Black Mirror takes us to the 20s, and puts us in a sinister mansion, where the mysteries of a family will have to be unraveled for the sake of our protagonist’s sanity. Check out our impressions of this interesting gothic adventure that flirts with the supernatural now!

Contextualization & History

Although currently the title Black Mirror be much more associated with the series of Netflix, the truth is that the game has been around since 2003. There was a trilogy of point and click adventures that came out only for SQUARE and, although they haven’t turned into super-known games, they have garnered a good number of fans especially for their good storytelling.

This one Black Mirror 2017 represents a reboot for the series, staying true to the dark and mysterious theme of the original games. We control the young David Gordon, who returns to his homeland to claim his family’s property after his father’s death.

However, things there are a little less hospitable than he expected: the consequences of his father’s death are somewhat suspect, and a bizarre housekeeper and her butler don’t seem too happy about the heir’s arrival. We also have a terrifyingly blind gardener, a terrified-looking maid, and a weird cousin, not to mention the young lawyer who is doing the paperwork for the will.

Hosts not very friendly…

When your curiosity outweighs your common sense and David decides to explore the gothic mansion of his ancestors, he ends up unearthing dark secrets that will put your sanity in check and maybe even your life, in a plot that involves blood ties, curses and madness, all with a hint of the supernatural.

exploration and puzzles

Black Mirror is no longer a traditional point and click, but its gameplay continues to follow more or less the same scheme as the classic series. in control of David, we are free to explore the mansion of Gordon, being able to interact with objects, drawers and points of interest that appear highlighted in the scenarios.

Wait for puzzles like this.

Although it has some rather obtuse puzzles that recall the beginnings of resident Evil, overall the game’s puzzles are creative and interesting, demanding more attention from the player than anything else. It may happen that you cannot open a door or drawer — Master Key, I’m talking specifically to you — but if that happens, don’t be fooled, just see if it’s possible to get on with the story any other way. You’ll probably come back to this lock later, with the item you need to open it.

Most of the game takes place on the mansion property, and the huge mansion ends up becoming something of a character on its own. Even without a map, you’ll soon have learned the layout of the environments and where each door leads, which is very useful, since much of the exploration is done in the dark — and not always David has a candle, needing to follow other characters that carry some light source.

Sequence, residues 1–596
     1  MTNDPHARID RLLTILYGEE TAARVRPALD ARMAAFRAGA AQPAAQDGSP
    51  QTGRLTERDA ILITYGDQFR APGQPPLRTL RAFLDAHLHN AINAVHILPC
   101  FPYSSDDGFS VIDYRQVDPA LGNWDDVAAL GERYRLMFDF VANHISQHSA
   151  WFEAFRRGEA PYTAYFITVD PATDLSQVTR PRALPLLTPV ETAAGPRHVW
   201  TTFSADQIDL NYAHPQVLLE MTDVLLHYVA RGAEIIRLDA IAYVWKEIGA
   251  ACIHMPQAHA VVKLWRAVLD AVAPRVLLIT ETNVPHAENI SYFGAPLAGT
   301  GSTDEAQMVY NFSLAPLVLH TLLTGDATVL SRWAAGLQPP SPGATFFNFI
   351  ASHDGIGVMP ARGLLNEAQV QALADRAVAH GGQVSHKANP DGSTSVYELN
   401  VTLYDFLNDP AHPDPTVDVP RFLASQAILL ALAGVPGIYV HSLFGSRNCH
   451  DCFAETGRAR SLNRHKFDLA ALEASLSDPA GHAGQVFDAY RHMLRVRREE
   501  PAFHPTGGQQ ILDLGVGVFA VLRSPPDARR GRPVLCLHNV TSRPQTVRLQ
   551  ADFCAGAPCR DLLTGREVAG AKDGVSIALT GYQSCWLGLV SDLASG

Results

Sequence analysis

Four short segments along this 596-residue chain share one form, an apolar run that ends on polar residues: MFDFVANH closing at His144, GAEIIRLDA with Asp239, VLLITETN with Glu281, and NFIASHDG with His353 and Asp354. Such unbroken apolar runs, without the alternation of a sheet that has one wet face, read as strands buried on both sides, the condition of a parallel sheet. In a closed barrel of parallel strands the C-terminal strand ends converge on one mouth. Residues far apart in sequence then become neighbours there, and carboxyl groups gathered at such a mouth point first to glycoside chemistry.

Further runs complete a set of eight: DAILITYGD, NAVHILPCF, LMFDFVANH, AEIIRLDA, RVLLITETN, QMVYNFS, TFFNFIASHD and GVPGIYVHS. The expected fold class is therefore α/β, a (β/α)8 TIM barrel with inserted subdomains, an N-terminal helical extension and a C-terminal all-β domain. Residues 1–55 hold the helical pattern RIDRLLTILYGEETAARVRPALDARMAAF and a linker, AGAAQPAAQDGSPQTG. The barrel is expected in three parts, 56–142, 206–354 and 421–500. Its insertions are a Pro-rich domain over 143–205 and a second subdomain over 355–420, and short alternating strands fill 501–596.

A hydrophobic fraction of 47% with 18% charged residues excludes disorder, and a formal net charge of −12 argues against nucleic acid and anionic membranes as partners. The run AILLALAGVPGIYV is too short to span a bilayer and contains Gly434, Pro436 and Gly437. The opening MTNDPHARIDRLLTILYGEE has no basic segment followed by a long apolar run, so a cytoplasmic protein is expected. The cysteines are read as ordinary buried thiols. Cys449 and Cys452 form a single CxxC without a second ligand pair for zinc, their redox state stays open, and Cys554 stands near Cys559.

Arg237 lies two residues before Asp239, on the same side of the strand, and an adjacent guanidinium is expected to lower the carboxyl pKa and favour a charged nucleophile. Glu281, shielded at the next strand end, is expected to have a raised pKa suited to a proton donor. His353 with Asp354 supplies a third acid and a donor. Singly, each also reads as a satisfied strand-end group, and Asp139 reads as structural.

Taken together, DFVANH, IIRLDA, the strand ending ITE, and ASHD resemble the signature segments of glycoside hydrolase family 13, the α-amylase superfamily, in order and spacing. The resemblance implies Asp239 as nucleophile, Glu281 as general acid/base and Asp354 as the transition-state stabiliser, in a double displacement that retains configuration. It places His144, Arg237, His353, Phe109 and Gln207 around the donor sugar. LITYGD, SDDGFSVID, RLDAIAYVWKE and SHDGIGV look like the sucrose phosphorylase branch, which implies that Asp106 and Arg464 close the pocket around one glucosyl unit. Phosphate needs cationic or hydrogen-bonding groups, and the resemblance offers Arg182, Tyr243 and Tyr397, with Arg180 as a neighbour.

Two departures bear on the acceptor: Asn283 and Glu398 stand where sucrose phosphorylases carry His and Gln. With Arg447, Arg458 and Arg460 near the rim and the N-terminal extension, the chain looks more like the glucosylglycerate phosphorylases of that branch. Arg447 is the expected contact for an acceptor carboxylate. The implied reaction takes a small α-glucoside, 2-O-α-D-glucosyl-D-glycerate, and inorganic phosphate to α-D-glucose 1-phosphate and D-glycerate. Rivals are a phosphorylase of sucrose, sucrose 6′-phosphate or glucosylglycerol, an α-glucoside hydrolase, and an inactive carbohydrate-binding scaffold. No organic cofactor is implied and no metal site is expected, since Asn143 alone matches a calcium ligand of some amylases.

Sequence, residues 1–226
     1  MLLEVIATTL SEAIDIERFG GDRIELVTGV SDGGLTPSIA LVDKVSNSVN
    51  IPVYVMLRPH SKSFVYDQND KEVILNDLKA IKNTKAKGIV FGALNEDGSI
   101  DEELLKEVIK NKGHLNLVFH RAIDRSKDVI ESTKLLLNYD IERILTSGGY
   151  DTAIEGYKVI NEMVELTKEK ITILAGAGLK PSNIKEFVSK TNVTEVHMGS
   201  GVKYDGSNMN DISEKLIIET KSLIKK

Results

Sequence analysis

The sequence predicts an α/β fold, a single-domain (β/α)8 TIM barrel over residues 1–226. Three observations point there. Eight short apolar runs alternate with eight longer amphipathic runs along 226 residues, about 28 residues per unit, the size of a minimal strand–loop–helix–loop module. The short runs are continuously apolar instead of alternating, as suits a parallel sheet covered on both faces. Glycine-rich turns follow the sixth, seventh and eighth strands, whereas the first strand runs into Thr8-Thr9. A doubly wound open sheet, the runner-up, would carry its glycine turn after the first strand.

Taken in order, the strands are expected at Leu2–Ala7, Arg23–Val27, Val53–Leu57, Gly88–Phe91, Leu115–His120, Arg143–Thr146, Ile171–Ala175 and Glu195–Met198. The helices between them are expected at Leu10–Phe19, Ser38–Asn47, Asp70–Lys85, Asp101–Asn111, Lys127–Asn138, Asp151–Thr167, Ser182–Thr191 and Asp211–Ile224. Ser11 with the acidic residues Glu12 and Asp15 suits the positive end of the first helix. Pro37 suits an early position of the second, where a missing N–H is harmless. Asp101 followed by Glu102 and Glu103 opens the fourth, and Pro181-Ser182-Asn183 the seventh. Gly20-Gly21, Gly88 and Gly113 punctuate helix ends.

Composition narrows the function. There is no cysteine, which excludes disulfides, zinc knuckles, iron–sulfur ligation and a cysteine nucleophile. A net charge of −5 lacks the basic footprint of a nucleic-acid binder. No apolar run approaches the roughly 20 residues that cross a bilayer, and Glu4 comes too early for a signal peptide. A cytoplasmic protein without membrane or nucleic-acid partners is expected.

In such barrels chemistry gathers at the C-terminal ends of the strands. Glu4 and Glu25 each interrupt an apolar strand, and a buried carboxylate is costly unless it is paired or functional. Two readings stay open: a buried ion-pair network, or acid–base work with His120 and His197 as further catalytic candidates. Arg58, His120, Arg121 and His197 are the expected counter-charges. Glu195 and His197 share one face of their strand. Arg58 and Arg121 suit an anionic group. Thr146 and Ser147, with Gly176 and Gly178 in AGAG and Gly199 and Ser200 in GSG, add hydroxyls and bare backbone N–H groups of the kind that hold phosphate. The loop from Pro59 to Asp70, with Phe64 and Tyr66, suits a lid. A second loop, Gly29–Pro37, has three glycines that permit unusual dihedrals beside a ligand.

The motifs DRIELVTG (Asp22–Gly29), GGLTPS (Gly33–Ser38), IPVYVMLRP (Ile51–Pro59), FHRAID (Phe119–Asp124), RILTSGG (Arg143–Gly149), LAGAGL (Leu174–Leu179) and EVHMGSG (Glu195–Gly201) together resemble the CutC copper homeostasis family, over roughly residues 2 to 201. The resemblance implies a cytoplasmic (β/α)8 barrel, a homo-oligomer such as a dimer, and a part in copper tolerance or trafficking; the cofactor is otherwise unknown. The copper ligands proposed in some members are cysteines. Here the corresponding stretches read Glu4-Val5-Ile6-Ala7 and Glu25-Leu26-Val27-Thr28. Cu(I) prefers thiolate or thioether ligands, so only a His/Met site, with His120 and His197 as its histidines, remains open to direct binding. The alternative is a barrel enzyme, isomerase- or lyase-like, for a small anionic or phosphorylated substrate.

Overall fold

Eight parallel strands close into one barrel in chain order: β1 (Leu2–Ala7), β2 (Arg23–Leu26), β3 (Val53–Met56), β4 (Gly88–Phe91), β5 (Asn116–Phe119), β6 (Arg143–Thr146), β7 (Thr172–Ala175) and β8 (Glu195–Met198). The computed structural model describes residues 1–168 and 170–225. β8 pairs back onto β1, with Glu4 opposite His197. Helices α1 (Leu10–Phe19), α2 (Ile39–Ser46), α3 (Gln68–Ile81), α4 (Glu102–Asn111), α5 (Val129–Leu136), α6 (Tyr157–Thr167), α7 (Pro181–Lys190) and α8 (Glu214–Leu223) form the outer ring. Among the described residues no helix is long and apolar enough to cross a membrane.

Your choices in dialogue do not drastically affect the narrative.

The imposing property of Gordon it also has a greenhouse, a cemetery with a chapel and faces a lush lake, as well as a respectable garden and some catacombs. Despite all this, it is the mansion — with its mysteries and secret passages — that stands out the most.

Even though there is no real combat, it is possible to die and see a Game Over screen in Black Mirror: you will have to interact with ghosts and relive memories throughout the game, and if it takes too long to figure out what to do while they’re on screen, they’ll end up getting fed up and attack you mercilessly!


Black Mirror it’s a game of ups and downs: the environments of the mansion are beautiful, with beautiful textures and stunning lighting effects. The characters, in turn, are far less fancy, appearing artificial and awkward. It is a very curious counterpoint to see the almost photorealistic environments contrasting with puppets that look… well, puppets.

The beautiful dining room of the manor.

Despite this, all characters earn some charisma points for their voiceovers, which in general are very competent. Unfortunately, we can’t say the same about lip sync, which definitely doesn’t keep up with the quality of the voices that come (or should) come out of the characters’ mouths.

Besides that, Black Mirror is one of those games that strives for silence to create a mood: the soundtrack appears only once in a while — punctuating dramatic moments — but most of the time what accompanies us is a rather oppressive silence, broken by abrupt knocks, suspicious squeaks and other little noises that, added to the great work of light and shadow, strengthen the vibe of the game’s “not so abandoned house”.


Black Mirror reminded me a lot of the beginnings of the series Alone in the Dark. While the gaming footprint isn’t exactly the same, the mood is very similar, that nagging feeling of being intruders in an environment that’s as mysterious as it is hostile.

There’s no such thing as a ghost here.

even if the game leave a little to be desired in the technical aspects, your story is interesting and engaging, so it becomes easy to get carried away by the ghosts of the family’s past Gordon as we search for answers to the mysteries that arise.

Standing midway between a psychological/supernatural horror game and a detective story, Black Mirror delivers a well-seasoned mix of both, and it must please that you enjoy good stories told rather somberly. A worthy restart and, I hope, will gain strength to become a franchise again.

Black Mirror was released on November 28th, with versions for SQUARE, Playstation 4 and Xbox one. The game does not support Brazilian Portuguese, with menus and subtitles in English only.


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